Saturday, September 17, 2016

Blair Witch Review

The history of 1999's The Blair Witch Project is a rather fascinating one. The movie was a cultural phenomenon that was revolutionary in the horror genre. Made on a mere $60,000 budget, the goal of the then unknown filmmakers Daniel Myrick and Eduardo Sánchez was to make a horror film about an ancient witch legend that would trick audiences into believing was real. The movie starts by claiming that the movie people were about to see was compiled from actual camera footage recovered from three hikers that had gone missing five years previous and never found. The marketing campaign leading up to the movie aggressively pushed this angle to the point where they even passed out missing flyers for the supposed missing actors at the Sundance Film Festival where it premiered and had a website with fake police reports and other stuff like that to trick people into thinking that this was real. The IMDb page even listed the actors as "missing, presumed dead." The gimmick worked. People were tricked. Thus the movie became the first movie to go viral over the internet with its marketing campaign. This led to a final worldwide tally of $248.6 million off that $60,000 budget, making it one of the most profitable movies ever made, popularizing the found footage genre. Prior to The Blair Witch Project, less than 10 found footage movies existed. Now there's over 100.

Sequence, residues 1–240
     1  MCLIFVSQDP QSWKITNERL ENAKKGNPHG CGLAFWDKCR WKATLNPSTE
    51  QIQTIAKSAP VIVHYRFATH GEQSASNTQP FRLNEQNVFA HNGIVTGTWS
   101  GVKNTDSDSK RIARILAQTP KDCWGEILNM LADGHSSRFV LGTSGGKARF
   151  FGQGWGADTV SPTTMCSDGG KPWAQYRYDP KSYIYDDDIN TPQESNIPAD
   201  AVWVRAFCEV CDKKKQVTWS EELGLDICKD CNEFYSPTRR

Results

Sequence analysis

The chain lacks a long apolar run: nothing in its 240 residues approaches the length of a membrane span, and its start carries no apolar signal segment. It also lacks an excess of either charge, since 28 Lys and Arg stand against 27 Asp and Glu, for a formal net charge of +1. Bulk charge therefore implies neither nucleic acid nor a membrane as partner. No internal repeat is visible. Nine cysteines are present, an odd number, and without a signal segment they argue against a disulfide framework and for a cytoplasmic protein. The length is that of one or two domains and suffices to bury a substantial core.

Like I said, The Blair Witch Project has a fascinating history. I have mad respect for what the movie managed to pull off and as such I will say that it is a phenomenal found footage movie. Probably the best found footage movie there is. But I am not one who experienced this movie-going event in theaters. I was only 10 years old at the time of its release and I certainly wasn't into that type of horror movie at such a young age. I had always heard about it and was interested in seeing it, but I never got around to seeing it until recently. If you haven't seen it, it's the type of movie where you need to be aware of this history to fully understand and appreciate it. But if I'm being honest, despite me believing that it's a great found footage me and realizing that it successfully accomplished what it set out to do, I don't think it's a movie that holds up. Yes, if three kids did get lost in the woods and their footage was later discovered and edited down into 81 minutes of footage, this is exactly what it would look like. But as a movie, it's not that great. Most of its 81 minute runtime consists of these three hikers walking around and complaining that they're lost. It's not that scary and there's no real payoff. Sorry, I'm not a fan. I respect it. But I don't love it.